Beyond the silliness of the premise, the fact remains that skewering of the suburbs and materialism can be done in a funny way. See “Mean Girls” or the “Over the Hedge” film for examples. This, however… This is just bitterness, with a fuzzy ending tacked on to give viewers a place to hang their hearts. I usually try not to accuse the media of marginalizing people who are different from them, but it’s hard to think of this show any other way.


How To Be A Gentleman

Network: CBS – Time Slot: 7:30 p.m. (half hour slot) – Would Watch Again: No
This is one I might give another chance in a fall when I didn’t have as many other leads. However, with five new shows I’ve already committed to watching for at least the first few episodes, “How To Be A Gentleman’s” amusing secondary characters can’t overcome its lackluster overall plot.

David Hornsby plays classy magazine writer Andrew, whose monthly column on gentlemanly behavior is upended when the mag is purchased by a new publisher in search of a sexier direction. He seeks guidance from Kevin Dillon’s dumb jock Bert, who comes off sort of like “Friends’” Joey but without the dash of sweetness that made Joey worth watching.

A few jokes land, but the main reason to stay is because of the stellar contributions of Dave Foley as Andrew’s boss and Rhys Darby (of “Flight of the Conchords” fame) as Andrew’s brother in law. Darby is particular is full of a weird, zany energy that’s lacking in the rest of the show. However, his semi-frequent appearances weren’t enough on their own to make me come back to the show’s “smart guy makes fun of tough guy, tough guy punches smart guy in the arm” brand of humor.

The Quest for Fall TV Glory – Week 1

I love finding good TV, so I always look upon fall network premieres with interest. Nowhere else can you find as many half-baked ideas, but every so often you see a buried gem that just needs a little more polishing. This fall, I’ll be taking a look at all of the pilots I found even moderately intriguing (sorry to the three people who are interested in watching “The Playboy Club”), updating the article each week of the staggered premiere schedule.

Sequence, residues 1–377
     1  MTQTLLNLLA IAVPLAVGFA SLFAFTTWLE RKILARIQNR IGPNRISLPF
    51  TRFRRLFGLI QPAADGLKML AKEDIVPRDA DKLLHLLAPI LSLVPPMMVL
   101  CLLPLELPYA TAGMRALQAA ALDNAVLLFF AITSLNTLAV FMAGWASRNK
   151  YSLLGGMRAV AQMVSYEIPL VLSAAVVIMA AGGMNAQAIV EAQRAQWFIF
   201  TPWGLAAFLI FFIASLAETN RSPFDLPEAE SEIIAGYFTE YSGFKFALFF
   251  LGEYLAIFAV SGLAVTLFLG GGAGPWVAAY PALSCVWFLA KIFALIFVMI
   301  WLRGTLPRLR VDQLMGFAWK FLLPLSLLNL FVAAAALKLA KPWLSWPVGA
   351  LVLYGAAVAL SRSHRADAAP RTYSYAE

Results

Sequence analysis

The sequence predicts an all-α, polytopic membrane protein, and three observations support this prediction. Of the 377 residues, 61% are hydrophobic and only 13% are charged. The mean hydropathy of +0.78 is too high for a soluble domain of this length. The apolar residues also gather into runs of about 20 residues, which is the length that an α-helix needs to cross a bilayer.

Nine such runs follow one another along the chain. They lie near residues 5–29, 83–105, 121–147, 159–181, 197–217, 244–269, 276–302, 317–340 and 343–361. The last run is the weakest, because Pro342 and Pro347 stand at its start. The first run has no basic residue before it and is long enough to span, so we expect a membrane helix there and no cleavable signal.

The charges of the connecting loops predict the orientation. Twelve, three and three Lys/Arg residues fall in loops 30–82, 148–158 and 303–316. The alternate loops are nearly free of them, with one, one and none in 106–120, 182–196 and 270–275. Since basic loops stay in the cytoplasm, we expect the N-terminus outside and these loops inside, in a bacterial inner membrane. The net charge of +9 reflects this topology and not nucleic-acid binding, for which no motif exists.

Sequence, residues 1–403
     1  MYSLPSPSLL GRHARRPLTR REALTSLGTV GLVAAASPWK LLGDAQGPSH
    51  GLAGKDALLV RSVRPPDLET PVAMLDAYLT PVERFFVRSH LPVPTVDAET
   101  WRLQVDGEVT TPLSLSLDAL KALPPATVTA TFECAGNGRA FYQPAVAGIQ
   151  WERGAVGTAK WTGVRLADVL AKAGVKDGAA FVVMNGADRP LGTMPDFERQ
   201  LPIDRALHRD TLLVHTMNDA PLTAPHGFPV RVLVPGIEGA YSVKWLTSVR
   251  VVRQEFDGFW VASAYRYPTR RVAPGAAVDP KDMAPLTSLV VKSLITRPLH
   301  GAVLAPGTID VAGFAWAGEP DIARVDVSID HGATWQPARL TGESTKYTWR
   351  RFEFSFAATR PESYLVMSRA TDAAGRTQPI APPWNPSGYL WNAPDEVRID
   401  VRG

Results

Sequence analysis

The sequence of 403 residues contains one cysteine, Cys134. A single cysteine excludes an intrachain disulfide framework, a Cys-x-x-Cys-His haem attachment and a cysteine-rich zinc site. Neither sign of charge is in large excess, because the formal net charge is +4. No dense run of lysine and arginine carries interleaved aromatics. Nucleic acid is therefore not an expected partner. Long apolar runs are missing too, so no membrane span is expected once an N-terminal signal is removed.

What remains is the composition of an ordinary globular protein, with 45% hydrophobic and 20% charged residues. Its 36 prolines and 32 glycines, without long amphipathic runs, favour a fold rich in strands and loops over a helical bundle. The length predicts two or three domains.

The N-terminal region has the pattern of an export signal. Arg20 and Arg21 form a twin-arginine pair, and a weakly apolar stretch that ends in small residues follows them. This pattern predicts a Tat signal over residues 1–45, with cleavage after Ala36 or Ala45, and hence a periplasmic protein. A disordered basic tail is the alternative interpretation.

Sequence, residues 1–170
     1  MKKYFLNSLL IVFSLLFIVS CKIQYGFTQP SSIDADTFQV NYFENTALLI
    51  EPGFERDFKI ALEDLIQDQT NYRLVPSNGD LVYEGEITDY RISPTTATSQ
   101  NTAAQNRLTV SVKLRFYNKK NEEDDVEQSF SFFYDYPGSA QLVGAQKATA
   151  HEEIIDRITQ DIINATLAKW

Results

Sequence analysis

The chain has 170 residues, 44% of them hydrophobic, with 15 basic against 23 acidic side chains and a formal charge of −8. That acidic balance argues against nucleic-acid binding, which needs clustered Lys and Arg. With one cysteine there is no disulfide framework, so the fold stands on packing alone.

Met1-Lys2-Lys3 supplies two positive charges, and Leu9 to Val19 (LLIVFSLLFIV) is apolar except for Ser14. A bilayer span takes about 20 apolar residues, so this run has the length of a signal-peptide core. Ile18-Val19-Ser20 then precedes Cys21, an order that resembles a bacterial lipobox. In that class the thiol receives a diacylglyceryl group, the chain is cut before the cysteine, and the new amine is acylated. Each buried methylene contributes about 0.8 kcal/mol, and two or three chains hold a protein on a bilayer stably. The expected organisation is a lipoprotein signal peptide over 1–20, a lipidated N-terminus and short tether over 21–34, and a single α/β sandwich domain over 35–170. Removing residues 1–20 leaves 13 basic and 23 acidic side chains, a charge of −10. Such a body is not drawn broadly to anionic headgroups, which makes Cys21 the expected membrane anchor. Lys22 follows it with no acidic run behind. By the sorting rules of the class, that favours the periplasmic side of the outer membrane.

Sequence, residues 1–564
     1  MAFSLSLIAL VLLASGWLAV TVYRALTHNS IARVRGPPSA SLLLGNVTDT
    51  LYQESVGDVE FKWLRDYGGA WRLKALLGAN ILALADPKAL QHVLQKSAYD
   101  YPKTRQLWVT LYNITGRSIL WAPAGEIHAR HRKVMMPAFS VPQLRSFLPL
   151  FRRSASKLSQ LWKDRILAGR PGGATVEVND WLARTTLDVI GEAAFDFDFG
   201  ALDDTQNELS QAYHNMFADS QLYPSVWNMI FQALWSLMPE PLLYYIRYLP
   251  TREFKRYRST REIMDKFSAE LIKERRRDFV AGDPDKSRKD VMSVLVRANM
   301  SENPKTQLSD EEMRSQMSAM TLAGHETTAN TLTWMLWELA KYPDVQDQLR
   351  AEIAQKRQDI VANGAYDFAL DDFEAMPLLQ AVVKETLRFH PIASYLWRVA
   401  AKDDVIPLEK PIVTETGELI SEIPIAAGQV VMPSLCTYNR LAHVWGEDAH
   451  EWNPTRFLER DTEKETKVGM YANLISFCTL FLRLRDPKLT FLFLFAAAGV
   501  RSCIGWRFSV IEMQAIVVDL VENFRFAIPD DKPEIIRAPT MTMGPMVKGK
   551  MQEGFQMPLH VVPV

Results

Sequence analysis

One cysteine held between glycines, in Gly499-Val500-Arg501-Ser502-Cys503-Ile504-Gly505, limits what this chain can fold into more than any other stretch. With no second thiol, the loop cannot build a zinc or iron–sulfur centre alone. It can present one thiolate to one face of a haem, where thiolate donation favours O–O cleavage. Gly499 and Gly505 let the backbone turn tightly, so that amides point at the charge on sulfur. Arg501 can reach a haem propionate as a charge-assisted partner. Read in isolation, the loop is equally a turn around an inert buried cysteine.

Will I find a diamond in the rough, or will it just be rough? Keep reading to find out.


2 Broke Girls

Network: CBS—Time Slot: 7:30 p.m. (half hour) —Would Watch Again: Yes

Despite its horrendous title, “2 Broke Girls” is actually pretty entertaining, provided you go for its cynical brand of humor with a dash of updated “Friends”-style crass thrown in. Disclaimer: since I often fantasize about sarcastically berating people in the same way that show star Max (Kat Dennings) actually does on “Girls,” a feeling of catharsis probably pumped up a lot of the already funny jokes for me.

“Girls” is set in a crummy Brooklyn diner where the hard-scrabble, bitingly sarcastic and, yes, “broke”
Max works, doling out unfriendly-if-competent service and upbraiding anyone who treats her with less
respect than she thinks she deserves (the show will also probably be cathartic for restaurant servers for
this reason). She is joined by naïve fish-out-of-water Caroline (Beth Behrs), a formerly-rich girl who lost
everything when her dad was imprisoned for operating a Ponzi scheme. Sparks fly, worlds collide, etc.
You know the drill.

There’s a lot of potential for things to go wrong here. It’s a TV cliché, for one, and for another, shows
about sassy ladies can be incredibly tiresome if the writing and characters aren’t as clever as the shows
think they are. Happily, “Girls” mostly avoids this in its pilot, placing genuinely jagged dialogue in Max’s
mouth the majority of the episode while still establishing her as a real human being. It wasn’t perfect
(two bizzare and out-of-place racial stereotypes come to mind), but it’s worth seeing where it goes.